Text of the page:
Do this fall yard work, reap spring­time ben­e­fits

The Enterprise - - Real Estate -

Lots of peo­ple think that their fam­ily yards need less at­ten­tion in the fall, but au­tumn is no time to ig­nore your lawn and land­scape.

“What you do now will de­ter­mine the qual­ity of your fam­ily yard next spring and sum­mer,” said Kris Kiser, pres­i­dent and CEO of the Out­door Power Equip­ment In­sti­tute (OPEI), the in­ter­na­tional trade as­so­ci­a­tion rep­re­sent­ing more than 100 power equip­ment, en­gine and util­ity ve­hi­cle man­u­fac­tur­ers and sup­pli­ers.

“Ev­ery gar­dener knows to plant bulbs in the fall, but au­tumn is also the time to mow, mulch, aer­ate, trim and patch your lawn,” said Kiser. He of­fers the fol­low­ing tips to help you get your yard into top shape this fall and ready for more re­lax­ing and fun out­door ac­tiv­i­ties next year.

Keep mow­ing. Grass still needs reg­u­lar care to stay healthy. Grass that is too high may at­tract lawn-dam­ag­ing field mice. Shorter grass is more re­sis­tant to dis­eases and traps fewer fall­ing leaves. Cut­ting the grass low al­lows more sun to reach the crown of the grass, so less leaf will turn brown in the win­ter. How­ever, cut­ting off too much at one time can be dam­ag­ing, so never trim more than a third of the grass blades off in a sin­gle cut­ting. Put mower blades on the low­est set­tings for the last two cuts of the sea­son.

Aer­ate your lawn. Com­pressed soil hurts grass health. Aer­at­ing punches holes into the soil and lets oxy­gen, wa­ter and nu­tri­ents into a lawn. Use a walk-be­hind aer­a­tor or get an at­tach­ment to pull be­hind a rid­ing mower.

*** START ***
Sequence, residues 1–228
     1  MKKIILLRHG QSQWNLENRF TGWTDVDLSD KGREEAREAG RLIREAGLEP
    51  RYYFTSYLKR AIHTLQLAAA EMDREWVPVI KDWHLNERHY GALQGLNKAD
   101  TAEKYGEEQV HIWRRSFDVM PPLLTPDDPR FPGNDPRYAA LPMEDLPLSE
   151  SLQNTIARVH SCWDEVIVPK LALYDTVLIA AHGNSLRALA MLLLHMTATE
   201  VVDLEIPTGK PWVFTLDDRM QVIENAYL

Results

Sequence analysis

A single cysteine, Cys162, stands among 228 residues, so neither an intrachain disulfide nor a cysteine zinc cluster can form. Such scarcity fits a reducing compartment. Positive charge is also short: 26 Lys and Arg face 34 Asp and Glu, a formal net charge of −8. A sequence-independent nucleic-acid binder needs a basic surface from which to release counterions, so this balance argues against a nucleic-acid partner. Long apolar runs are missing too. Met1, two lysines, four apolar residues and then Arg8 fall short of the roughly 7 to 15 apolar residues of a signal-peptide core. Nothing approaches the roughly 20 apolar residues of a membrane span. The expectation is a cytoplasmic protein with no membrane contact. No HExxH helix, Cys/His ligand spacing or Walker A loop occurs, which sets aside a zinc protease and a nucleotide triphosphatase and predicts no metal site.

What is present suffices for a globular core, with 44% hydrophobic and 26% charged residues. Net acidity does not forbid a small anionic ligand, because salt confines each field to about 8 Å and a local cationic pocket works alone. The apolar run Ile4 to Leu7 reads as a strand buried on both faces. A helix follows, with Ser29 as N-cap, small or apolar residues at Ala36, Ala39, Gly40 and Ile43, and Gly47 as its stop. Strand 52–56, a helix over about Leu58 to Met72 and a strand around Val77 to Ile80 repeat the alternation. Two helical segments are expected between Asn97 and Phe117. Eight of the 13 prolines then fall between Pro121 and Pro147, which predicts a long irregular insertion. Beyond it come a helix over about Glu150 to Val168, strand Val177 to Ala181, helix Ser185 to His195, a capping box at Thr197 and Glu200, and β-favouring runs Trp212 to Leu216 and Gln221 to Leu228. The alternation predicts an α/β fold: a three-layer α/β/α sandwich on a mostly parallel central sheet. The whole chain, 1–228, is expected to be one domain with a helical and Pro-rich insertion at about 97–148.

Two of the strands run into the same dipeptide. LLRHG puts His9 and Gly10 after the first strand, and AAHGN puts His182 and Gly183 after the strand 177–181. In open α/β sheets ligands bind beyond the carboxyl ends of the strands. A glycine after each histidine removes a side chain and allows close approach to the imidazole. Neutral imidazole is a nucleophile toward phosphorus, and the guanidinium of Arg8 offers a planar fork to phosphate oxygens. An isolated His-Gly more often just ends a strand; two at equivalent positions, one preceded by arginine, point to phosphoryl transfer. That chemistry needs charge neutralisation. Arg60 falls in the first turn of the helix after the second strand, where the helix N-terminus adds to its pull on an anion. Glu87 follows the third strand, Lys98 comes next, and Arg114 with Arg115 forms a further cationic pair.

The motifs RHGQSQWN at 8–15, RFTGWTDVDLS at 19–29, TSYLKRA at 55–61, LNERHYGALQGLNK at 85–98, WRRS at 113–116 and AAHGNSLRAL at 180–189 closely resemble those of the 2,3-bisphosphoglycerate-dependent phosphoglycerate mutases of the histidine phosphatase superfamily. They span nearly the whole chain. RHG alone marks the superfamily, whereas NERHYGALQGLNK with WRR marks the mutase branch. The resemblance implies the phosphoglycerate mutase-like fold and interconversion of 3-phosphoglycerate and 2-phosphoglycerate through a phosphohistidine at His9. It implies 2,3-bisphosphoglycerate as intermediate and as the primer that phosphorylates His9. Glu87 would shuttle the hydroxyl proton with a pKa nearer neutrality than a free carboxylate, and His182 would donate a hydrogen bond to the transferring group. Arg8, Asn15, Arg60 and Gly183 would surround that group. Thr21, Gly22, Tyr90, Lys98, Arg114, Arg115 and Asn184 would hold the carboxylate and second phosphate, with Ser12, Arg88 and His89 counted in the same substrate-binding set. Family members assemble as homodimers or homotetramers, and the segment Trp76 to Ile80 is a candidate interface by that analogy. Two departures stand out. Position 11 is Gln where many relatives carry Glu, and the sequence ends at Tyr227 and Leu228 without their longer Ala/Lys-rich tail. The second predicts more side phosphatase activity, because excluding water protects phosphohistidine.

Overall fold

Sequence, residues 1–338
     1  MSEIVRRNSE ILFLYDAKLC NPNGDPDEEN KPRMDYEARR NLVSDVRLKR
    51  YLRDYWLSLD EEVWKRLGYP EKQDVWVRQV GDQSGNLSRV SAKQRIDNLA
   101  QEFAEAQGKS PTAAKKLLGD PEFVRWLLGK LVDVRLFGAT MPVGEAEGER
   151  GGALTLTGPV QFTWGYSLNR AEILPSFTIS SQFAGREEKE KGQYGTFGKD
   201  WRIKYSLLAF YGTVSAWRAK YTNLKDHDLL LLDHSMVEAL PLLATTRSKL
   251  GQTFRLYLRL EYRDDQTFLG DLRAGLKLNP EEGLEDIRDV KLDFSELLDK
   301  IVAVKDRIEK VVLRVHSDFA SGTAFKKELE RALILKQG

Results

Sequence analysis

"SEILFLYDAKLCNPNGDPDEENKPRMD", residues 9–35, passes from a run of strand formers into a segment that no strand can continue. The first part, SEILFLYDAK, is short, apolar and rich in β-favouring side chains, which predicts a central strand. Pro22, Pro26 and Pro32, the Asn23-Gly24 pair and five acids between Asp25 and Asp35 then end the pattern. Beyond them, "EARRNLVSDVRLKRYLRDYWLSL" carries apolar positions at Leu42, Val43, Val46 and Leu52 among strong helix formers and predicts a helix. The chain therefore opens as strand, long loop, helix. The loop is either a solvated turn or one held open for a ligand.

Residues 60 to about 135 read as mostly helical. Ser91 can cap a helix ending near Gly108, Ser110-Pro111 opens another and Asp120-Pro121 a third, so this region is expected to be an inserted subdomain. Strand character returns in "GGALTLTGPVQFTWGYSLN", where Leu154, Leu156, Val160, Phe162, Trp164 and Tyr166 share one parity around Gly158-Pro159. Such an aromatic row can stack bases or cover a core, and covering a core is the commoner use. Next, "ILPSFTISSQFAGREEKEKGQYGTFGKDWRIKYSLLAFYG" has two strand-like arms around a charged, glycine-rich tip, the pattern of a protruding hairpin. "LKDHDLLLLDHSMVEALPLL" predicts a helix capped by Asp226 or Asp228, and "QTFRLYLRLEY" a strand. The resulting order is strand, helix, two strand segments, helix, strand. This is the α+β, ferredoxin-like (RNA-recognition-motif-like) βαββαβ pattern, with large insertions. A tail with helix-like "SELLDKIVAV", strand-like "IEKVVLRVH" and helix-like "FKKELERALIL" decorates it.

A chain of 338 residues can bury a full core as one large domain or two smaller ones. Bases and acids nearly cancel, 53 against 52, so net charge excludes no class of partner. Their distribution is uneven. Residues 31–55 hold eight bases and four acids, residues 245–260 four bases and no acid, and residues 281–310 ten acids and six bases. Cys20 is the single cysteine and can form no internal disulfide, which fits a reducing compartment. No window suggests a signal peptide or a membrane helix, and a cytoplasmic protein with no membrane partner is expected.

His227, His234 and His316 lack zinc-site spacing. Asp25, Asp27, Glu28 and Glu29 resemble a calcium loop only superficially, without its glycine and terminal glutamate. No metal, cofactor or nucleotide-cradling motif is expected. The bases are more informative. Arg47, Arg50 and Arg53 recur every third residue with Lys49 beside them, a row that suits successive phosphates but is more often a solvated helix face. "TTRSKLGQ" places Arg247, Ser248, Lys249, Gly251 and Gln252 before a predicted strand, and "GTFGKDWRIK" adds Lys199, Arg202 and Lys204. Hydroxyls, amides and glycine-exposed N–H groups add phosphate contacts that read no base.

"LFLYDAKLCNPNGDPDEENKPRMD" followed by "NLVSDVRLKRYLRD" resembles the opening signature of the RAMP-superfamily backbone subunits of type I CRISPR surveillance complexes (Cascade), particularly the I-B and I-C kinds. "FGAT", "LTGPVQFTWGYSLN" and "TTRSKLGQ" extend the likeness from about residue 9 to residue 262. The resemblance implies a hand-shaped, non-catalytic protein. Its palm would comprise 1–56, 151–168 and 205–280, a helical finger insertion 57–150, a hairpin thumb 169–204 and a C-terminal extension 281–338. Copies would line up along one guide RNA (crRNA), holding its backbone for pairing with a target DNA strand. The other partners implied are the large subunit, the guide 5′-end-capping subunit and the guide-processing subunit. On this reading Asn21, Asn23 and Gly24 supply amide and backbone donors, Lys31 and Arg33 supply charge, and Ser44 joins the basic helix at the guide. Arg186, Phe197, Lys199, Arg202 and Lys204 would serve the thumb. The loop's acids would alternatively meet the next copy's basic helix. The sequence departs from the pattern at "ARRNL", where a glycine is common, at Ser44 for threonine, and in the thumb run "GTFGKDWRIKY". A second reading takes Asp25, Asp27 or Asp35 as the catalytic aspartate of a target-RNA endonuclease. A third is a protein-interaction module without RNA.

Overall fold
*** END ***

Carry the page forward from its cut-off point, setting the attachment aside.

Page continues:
Mulch your leaves. Many mow­ers can mulch leaves with an at­tach­ment. Since mulching with a mower can mix grass clip­pings with leaf par­ti­cles, these ni­tro­gen-rich grass par­ti­cles and car­bon-rich leaf par­ti­cles will com­post more quickly. To­gether, they re­turn nu­tri­ents to the soil.

Trim and shore up trees and bushes. Use trim­mers, chain­saws or pole pruners to cut back trees, shrubs and plants. Make sure branches are safely trimmed back from over­head lines, and not in dan­ger of fall­ing on a struc­ture in win­ter weather. You may need to tie or brace limbs of up­right ev­er­greens or plants to pre­vent them from break­ing in high winds or snow. Call a pro­fes­sional ar­borist for big trees or hard to reach spots.

Re­pair bald spots. Fall is a great time to patch bald or thin spots in a lawn. The eas­i­est way to do this is with an all-in-one lawn re­pair mix­ture (found at most gar­den shops and home cen­ters). Use a gar­den rake or de-thatcher to scratch loose the soil on the spot.

Kiser also added it is im­por­tant to fol­low safety pro­ce­dures when­ever us­ing out­door power equip­ment. Read your own- er’s man­ual. It will de­scribe the in­di­vid­ual re­quire­ments for your par­tic­u­lar ma­chine, and will pro­vide di­rec­tions on which fu­els may be ap­pro­pri­ate for your prod­uct. Fu­els con­tain­ing more than ten per­cent ethanol should not be used un­less di­rected in the owner’s man­ual.

He said, “You’ll also want to ser­vice and win­ter­ize your lawn mower, string trim­mer, leaf blower, and other out­door power equip­ment.” And, re­mem­ber, most gas-fu­eled out­door power equip­ment is war­ranted and de­signed to run on E10 (10% ethanol) fuel or less. There are fuel op­tions avail­able to­day that should not be used in your out­door power equip­ment. Re­mem­ber ‘look be­fore you pump.’ And, make sure to drain the fuel tank be­fore stor­ing equip­ment for the win­ter. Dis­pose safely of any fuel that is more than 30 days old.

“Win­ter­i­za­tion is im­por­tant for out­door power equip­ment. When every­thing is grow­ing again in the spring and you see how all of your hard fall lawn work has paid off, the last thing you want to deal with is a mal­func­tion­ing mower,” said Kiser.

For in­for­ma­tion on safe fu­el­ing go to www.LookBe­foreYouPump.com. For tips on out­door power equip­ment safety, go to www.opei.org.

SUB­MIT­TED PHOTO

A hedge trim­mer can be a valu­able tool for that fi­nal trim of the sea­son.

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